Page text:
There are so many myths spreading about vaccination and this puts many parents in confusion. Let me help you to burst some of these myths.
Myth #1 Too many vaccines can overload my child’s immune system
Fact: A child’s immune system has the capacity to handle the antigens in the vaccines. No evidence suggests that vaccinations can “overload” a child’s immune system.
Myth #2 Combination vaccines or more than one vaccine at a time can be risky
Fact: Vaccines are equally effective when given in combination as they are given individually.
When vaccines for more than one disease is combined to form a single shot, we can complete the recommended vaccinations on schedule with fewer clinical visits and also it is money and time saving.
Example: In MMR vaccine Measles, Mumps and Rubella vaccines are combined to form a single vaccine as MMR and that means fewer injections for your little one.
Myth #3 Vaccines are one of the reasons for autism and other disorders
Fact: There is no association with vaccines and autism. All these controversy started due to a fraudulent research paper that was published in 1998 in the medical journal The Lancet. The author of the paper Mr. Andrew Wakefield was accused of producing claims that were unsupported by scientific evidence. Many serious studies were conducted after this and all failed to find any connection between MMR vaccine and autism.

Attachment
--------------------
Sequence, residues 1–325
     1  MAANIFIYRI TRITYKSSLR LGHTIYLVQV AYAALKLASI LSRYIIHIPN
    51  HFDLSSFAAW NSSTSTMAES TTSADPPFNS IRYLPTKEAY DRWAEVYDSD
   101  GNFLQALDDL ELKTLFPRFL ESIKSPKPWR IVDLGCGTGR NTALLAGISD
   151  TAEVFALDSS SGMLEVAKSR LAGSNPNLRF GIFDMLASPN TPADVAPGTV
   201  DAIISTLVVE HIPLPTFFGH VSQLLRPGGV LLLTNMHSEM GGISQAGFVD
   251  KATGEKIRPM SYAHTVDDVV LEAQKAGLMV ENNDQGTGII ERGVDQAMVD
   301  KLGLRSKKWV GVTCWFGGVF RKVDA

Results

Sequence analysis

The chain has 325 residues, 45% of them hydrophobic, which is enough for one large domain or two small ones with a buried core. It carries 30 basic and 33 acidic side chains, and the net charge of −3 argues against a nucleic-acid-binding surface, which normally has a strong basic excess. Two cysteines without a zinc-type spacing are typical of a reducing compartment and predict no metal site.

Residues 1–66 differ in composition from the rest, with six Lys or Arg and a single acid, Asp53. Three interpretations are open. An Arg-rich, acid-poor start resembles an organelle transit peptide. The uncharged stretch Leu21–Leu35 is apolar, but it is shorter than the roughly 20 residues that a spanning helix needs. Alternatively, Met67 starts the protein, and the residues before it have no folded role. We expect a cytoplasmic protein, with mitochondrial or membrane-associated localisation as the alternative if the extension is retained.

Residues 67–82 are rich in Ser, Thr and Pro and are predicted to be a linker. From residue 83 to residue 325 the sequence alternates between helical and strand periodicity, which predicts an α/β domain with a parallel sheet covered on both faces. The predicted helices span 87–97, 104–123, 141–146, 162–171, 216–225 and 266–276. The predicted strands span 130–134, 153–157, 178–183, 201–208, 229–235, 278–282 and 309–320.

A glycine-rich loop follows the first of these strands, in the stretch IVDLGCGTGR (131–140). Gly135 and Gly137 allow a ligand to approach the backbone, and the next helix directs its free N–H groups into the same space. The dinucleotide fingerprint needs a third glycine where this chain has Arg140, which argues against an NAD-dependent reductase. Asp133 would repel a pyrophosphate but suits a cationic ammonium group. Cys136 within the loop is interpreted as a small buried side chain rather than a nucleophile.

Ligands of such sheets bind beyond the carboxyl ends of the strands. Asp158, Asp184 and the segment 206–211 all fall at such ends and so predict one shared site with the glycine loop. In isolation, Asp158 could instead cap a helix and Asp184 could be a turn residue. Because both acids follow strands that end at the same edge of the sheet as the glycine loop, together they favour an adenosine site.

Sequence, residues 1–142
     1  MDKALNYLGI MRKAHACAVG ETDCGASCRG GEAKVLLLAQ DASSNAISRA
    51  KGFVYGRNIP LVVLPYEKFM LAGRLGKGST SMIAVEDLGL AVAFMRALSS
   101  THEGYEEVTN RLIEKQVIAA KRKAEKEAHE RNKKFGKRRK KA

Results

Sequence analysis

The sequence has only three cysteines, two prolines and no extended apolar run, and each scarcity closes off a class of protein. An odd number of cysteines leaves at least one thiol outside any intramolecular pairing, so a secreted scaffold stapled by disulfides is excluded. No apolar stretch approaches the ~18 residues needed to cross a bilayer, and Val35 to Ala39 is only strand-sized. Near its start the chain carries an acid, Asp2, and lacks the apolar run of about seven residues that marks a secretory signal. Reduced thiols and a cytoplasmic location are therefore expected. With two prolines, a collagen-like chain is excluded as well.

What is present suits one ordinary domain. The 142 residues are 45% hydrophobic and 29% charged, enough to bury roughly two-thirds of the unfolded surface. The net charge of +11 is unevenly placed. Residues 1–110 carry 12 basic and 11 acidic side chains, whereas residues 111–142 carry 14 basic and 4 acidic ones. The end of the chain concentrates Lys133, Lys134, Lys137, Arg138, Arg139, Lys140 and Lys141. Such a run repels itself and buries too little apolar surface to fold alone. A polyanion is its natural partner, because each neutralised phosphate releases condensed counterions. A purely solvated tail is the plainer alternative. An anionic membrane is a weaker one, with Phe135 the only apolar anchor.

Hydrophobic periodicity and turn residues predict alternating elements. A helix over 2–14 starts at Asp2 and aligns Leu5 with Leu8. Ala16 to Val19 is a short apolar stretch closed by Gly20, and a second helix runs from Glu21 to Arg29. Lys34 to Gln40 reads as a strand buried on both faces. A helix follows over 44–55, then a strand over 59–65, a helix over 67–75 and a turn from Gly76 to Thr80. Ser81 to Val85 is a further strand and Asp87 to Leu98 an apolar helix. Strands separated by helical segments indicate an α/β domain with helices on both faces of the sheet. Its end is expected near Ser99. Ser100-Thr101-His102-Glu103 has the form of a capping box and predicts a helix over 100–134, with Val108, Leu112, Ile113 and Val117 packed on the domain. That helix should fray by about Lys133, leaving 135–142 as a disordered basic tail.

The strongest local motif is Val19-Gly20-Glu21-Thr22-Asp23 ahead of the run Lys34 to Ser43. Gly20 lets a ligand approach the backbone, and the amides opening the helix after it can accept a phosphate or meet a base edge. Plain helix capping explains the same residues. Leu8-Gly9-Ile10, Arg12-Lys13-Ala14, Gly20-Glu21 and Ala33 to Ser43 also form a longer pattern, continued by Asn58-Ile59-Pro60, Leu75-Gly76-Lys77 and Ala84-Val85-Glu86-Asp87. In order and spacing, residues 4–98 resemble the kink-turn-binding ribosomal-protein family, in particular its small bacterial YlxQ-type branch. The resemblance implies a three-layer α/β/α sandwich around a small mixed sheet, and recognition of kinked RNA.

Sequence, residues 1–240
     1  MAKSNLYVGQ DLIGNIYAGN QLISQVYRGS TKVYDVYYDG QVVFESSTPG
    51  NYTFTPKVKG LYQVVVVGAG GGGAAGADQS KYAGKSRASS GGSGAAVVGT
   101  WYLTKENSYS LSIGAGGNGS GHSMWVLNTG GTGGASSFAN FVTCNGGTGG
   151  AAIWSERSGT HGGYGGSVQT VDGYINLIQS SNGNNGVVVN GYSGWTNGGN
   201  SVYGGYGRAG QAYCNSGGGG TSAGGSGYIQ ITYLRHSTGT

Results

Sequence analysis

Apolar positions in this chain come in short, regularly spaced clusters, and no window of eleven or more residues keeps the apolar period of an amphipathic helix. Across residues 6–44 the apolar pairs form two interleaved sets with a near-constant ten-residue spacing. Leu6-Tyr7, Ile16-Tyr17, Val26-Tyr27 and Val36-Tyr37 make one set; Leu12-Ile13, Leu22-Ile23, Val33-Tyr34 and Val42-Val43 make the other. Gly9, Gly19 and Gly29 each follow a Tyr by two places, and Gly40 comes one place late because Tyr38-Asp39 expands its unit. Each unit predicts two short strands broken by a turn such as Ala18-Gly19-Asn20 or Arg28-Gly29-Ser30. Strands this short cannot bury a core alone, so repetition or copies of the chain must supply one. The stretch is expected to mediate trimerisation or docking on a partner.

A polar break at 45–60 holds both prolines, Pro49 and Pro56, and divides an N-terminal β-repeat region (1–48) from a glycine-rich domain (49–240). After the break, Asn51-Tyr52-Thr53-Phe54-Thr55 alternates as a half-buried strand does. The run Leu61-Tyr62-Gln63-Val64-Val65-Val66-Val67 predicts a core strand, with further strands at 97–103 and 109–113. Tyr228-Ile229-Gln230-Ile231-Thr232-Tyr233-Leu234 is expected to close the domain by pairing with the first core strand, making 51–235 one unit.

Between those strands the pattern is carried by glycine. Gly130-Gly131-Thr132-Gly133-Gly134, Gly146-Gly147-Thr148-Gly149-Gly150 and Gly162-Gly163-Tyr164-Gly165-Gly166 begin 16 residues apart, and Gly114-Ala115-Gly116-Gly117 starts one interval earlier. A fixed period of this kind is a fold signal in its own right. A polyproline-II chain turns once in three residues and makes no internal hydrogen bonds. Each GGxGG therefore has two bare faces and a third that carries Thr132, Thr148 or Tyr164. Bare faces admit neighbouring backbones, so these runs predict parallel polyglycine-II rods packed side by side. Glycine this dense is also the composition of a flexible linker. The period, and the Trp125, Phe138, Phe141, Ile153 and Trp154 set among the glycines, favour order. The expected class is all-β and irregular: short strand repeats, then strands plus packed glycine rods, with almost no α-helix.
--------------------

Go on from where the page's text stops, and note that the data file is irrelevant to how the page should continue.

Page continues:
Myth #4 Some diseases are already eradicated from my country, so no need to vaccinate my child for that disease
Fact: Although certain diseases are completely eradicated from your country, the bacteria/viruses that cause these diseases are still there in some other parts of the world. If you are not protected by immunization, chances are there that you can get infected with these diseases while you travel outside your country or from people who are foreign to your country.